ADHD is a serious medical condition that should not be taken lightly. It is important to note that under no circumstances should you self-diagnose yourself. If you identify with any of the following symptoms please do not jump to conclusions, instead consult a medical professional.
What is ADHD?
About 3.3 million adolescents aged 12-17 have ADHD.
ADHD stands for Attention deficit hyperactivity disorder.
The scientific definition of ADHD is: “A chronic condition including attention difficulty, hyperactivity, and impulsiveness.”
Signs and Symptoms of ADHD*
- Being unable to sit still, especially in calm or quiet surroundings.
- Constantly fidgeting.
- Being unable to concentrate on tasks.
- Excessive physical movement.
- Excessive talking.
- Being unable to wait their turn.
- Acting without thinking.
- Interrupting conversations.
*These are medically recognized symptoms of ADHD, but there are many other things the ADHD community recognizes as signs/symptoms.
Common misconceptions about ADHD:
- ADHD only affects children.
Any age group can be diagnosed with ADHD, but it is commonly diagnosed during childhood. ADHD is a lifespan disorder and can persist throughout a person’s life. While medication can ease some symptoms, ADHD will not disappear.
- ADHD is not a real disorder.
ADHD is formally recognized by hundreds of medical health clinics, including the National Institute of Health and the U.S. Department of Education. Additionally, brain scans reveal that there is a neurological difference between those with ADHD and those without. ADHD is a biological disorder and is usually the result of an imbalance of neurotransmitters (chemical messengers) in the brain.
- ADHD only affects boys.
About 13% of boys are diagnosed with ADHD, while only 6% of girls are diagnosed. However, this does not mean that girls are not affected by ADHD. All genders are affected by ADHD, but there is less medical research done on ADHD using female subjects, so sometimes the symptoms of ADHD in girls go unnoticed. Additionally, ADHD in boys can be different from ADHD in girls. The signs and symptoms included above are more prevalent in men.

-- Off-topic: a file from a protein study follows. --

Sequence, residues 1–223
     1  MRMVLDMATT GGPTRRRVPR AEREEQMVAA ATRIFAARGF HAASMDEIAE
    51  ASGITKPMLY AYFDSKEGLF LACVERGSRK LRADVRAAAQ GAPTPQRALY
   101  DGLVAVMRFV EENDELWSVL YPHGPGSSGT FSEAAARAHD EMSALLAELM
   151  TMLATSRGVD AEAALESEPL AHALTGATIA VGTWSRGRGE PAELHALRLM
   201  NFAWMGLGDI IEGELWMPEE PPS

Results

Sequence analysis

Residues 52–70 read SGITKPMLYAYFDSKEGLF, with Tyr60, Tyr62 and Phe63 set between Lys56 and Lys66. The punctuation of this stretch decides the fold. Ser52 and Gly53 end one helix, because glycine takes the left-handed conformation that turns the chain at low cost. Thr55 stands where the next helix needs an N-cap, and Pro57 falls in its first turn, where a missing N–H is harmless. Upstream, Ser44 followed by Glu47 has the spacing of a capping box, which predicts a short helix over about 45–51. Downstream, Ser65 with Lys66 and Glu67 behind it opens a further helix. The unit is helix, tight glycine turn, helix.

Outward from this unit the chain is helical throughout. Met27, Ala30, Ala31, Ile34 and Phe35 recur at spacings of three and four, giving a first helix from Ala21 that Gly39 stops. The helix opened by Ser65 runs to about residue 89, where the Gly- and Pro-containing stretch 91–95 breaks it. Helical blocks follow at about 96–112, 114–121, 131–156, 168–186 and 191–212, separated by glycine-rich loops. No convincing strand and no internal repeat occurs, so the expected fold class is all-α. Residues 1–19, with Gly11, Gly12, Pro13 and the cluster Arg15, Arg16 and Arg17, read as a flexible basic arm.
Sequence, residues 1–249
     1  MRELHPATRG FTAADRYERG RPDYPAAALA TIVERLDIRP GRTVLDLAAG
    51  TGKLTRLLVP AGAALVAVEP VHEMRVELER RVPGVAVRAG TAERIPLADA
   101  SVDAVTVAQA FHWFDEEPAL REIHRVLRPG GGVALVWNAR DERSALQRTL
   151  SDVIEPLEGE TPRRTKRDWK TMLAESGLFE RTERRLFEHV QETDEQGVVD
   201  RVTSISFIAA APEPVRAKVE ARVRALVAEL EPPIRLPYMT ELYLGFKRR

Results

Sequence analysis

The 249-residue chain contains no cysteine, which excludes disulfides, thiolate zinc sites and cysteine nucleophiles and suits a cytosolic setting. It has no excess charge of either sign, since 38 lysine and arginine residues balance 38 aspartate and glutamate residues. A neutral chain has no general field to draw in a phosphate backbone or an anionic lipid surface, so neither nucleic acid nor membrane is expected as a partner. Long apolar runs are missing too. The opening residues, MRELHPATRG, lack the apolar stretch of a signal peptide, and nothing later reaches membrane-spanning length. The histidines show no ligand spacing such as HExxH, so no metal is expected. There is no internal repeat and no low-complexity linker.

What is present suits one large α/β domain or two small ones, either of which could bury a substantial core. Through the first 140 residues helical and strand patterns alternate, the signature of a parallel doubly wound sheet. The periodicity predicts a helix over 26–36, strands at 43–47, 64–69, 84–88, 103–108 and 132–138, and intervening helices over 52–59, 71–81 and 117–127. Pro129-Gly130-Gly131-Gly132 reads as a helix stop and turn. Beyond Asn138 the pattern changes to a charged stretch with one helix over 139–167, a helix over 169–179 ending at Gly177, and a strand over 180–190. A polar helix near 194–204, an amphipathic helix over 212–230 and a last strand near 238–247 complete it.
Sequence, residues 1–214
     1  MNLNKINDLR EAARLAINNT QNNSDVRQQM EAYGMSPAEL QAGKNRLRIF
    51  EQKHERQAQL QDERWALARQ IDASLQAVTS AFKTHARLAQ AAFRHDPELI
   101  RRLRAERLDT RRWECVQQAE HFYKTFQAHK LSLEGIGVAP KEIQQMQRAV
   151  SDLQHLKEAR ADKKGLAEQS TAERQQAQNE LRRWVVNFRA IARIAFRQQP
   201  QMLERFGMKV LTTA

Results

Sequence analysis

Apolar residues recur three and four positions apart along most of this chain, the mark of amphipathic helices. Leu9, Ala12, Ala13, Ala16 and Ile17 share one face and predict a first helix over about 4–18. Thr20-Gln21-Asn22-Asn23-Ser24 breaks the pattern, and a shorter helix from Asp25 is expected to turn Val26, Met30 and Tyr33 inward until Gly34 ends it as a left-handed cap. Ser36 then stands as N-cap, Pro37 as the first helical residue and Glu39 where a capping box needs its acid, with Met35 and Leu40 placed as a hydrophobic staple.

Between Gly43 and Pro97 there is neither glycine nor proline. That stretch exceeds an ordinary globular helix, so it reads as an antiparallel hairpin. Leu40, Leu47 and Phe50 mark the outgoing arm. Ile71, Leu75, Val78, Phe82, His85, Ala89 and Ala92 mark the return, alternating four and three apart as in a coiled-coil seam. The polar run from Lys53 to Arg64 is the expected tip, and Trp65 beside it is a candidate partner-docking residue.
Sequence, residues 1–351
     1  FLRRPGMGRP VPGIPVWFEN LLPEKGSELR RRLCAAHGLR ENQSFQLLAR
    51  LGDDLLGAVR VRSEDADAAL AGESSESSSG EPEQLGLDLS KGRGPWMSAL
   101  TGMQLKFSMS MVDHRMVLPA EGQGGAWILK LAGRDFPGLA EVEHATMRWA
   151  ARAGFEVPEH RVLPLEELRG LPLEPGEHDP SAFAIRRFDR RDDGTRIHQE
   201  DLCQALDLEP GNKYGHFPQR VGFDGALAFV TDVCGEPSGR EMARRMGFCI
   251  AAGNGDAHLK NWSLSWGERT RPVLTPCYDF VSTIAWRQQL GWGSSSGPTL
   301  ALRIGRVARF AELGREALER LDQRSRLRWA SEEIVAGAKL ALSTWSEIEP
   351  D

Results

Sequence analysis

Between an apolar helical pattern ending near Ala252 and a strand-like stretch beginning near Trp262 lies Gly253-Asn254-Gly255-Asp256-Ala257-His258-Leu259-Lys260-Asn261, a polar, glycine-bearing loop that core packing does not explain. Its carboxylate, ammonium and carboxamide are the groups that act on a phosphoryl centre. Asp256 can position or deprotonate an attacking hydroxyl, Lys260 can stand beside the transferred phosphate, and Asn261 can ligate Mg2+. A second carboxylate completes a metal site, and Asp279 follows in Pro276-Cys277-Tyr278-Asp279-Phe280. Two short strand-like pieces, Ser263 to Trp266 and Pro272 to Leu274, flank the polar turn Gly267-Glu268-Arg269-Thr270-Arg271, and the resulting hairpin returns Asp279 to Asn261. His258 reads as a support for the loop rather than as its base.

Common signs of ADHD in Girls:
- Daydreaming quietly in class
- Feeling anxious or sad
- Exhibiting silliness or apparent ditziness
- Acting shy or inattentive
- Trouble maintaining friendships
- Picking at cuticles or skin
- Being a perfectionist
- Chatting excessively in class
- Constantly fidgeting
Signs of ADHD in girls tend to be more muted.
- ADHD isn’t just impulsivity and hyperactivity.
Similar to the point above, ADHD is more than hyperactivity. Other signs of ADHD include
- Avoidance of housework.
- Hyper focusing: becoming hyper-fixated on one thing and unable to focus on anything else.
- Intense train of thoughts, where the mind is impossible to quiet.
- Skewed sense of time.
- Being easily lost due to maladaptive dreaming.
- Becoming overwhelmed by choices.
- Auditory processing issues: Hearing things but unable to understand them quickly.
- Forgetting things even when they were constantly thought about.
Tips and Tricks
- Put videos on at a higher speed to help yourself focus better. It will take some getting used to, but your brain will be able to keep up.
- Exercise before school or whenever you know you will be seated for a while. Exercise will help you drain extra energy.
- Use text-to-speech websites to read long articles and books.
- When you are completing a task and are suddenly hit with random trains of thought, jot them down on a notepad and address them later.
- Create playlists for each subject.
- Make your notes excessively colorful and engaging.
- Either put your phone in the other room or download a focus app to lock your phone.
- Disable all notifications except Calender, Text, or Calls. (On an iPhone you can create a Focus that will filter the notifications you receive. You can even choose people who can contact you.)
- Invest in a good pair of noise-canceling headphones.
- Try out brown noise/pink noise when studying.
- Put the song you hate on repeat until you finish your work.
- Break large tasks into smaller ones until they feel manageable, and ask a friend to help keep you accountable.
- Complete half of your assignment and then reward yourself for fifteen minutes. Then get back to work. Don't spend those fifteen minutes on your phone, or you’ll lose track of time.
- Drink a lot of water about thirty minutes before you have to do something. You’ll have to use the bathroom, and since you need to get up, you can force yourself into action.
Remember to be kind to yourself. No one is perfect, and there will be times when you will not be able to stop certain distracting behaviors. Be understanding towards yourself, and give yourself a break when needed. But remember that it is important to push yourself on the easy days, which will help you limit those distracting behaviors. Time will help you manage your disorder. Remember that ADHD is not who you are; it is part of you but does not control you. You can do this!